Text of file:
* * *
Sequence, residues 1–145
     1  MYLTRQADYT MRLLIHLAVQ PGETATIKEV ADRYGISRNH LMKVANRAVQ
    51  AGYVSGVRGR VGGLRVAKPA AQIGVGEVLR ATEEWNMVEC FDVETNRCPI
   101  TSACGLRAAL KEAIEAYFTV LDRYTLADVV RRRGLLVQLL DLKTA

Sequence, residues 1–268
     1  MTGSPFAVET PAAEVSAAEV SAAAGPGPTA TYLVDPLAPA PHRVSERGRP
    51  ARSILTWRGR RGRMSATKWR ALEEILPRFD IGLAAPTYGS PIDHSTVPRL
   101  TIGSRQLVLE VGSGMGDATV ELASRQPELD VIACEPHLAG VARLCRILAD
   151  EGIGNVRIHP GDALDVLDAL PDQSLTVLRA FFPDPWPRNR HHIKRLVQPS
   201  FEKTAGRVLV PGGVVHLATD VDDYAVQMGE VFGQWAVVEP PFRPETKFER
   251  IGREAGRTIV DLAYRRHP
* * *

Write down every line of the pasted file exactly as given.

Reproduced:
Sequence, residues 1–145
     1  MYLTRQADYT MRLLIHLAVQ PGETATIKEV ADRYGISRNH LMKVANRAVQ
    51  AGYVSGVRGR VGGLRVAKPA AQIGVGEVLR ATEEWNMVEC FDVETNRCPI
   101  TSACGLRAAL KEAIEAYFTV LDRYTLADVV RRRGLLVQLL DLKTA

Sequence, residues 1–268
     1  MTGSPFAVET PAAEVSAAEV SAAAGPGPTA TYLVDPLAPA PHRVSERGRP
    51  ARSILTWRGR RGRMSATKWR ALEEILPRFD IGLAAPTYGS PIDHSTVPRL
   101  TIGSRQLVLE VGSGMGDATV ELASRQPELD VIACEPHLAG VARLCRILAD
   151  EGIGNVRIHP GDALDVLDAL PDQSLTVLRA FFPDPWPRNR HHIKRLVQPS
   201  FEKTAGRVLV PGGVVHLATD VDDYAVQMGE VFGQWAVVEP PFRPETKFER
   251  IGREAGRTIV DLAYRRHP